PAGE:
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At the start of Gold Dagger Award–winner Indridason's carefully plotted fourth entry in his crime series starring detective Erlendur Sveinsson (Jar City, etc.), a human skeleton surfaces in the bed of a lake near Reykjavik that's been mysteriously draining away. The bones are tied to some kind of Russian listening device, presumably a remnant of the Cold War. As Erlendur and his colleagues, Elinborg and Sigurdur Oli, go about checking on people who went missing around 1970, Erlendur is reminded of the disappearance of his younger brother when they were children. Erlendur's lifelong obsession with the missing provides a haunting metaphor for this lonely, middle-aged man, divorced and alienated from his own two children. Elinborg and Sigurdur Oli, on the other hand, aren't particularly persuasive characters, but flashbacks to the University of Leipzig during the Cold War provide compelling insights into the splintered politics of the day, as well as the Icelandic students studying there at the time. (Sept.)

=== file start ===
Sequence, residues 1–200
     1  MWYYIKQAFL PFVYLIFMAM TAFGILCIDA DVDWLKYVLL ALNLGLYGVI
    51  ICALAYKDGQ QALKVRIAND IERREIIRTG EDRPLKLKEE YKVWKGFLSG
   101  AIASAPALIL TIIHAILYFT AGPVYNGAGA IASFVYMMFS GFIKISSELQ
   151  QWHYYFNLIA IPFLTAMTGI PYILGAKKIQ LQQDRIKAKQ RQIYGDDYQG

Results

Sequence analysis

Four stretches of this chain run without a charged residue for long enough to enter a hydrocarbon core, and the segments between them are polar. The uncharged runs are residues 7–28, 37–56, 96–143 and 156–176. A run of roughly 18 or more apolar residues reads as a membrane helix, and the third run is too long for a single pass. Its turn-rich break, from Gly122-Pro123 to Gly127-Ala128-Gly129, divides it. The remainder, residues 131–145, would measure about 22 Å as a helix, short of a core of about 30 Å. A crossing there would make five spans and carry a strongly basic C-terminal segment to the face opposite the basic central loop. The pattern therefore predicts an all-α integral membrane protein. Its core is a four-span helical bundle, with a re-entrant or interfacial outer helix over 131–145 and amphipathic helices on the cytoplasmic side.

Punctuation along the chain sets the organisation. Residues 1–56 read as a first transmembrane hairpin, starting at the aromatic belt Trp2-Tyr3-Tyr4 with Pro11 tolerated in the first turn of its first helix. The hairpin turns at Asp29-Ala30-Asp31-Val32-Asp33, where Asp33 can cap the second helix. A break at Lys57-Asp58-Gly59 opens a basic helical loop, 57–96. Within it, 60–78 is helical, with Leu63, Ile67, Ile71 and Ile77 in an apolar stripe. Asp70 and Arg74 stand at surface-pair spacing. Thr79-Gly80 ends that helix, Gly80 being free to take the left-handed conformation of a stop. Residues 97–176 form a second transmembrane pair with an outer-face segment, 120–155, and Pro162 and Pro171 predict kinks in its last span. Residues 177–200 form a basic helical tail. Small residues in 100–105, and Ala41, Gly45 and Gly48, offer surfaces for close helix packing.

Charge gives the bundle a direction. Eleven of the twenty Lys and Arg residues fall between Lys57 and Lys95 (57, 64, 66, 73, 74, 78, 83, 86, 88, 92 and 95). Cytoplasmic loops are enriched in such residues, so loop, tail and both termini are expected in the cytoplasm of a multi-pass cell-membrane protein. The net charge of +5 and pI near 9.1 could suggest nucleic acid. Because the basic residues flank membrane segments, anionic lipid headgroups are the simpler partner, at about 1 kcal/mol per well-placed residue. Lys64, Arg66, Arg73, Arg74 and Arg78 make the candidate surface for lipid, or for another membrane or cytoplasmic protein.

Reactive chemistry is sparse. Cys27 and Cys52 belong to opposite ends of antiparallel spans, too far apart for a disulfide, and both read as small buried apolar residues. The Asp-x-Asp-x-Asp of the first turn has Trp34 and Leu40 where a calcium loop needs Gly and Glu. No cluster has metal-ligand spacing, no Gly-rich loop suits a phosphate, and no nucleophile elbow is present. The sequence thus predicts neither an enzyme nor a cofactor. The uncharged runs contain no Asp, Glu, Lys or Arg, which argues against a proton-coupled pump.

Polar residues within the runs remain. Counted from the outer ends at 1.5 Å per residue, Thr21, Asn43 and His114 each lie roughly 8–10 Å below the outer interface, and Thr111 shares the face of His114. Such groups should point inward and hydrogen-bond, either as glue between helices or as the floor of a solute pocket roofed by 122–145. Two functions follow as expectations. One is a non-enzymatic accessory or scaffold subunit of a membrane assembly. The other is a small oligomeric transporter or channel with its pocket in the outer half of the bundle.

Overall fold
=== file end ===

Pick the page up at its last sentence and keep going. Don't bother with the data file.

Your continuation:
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"Indridason pieces together a convincing plot, while exploring universal issues of political idealism and shattered dreams."
"A beautiful, sad, haunting tale of lost love and lost illusion, regret and betrayal."
"An absorbing story which confirms Indridason's place among the leading writers of Nordic crime fiction."
-- Sunday Telegraph
From the Trade Paperback edition.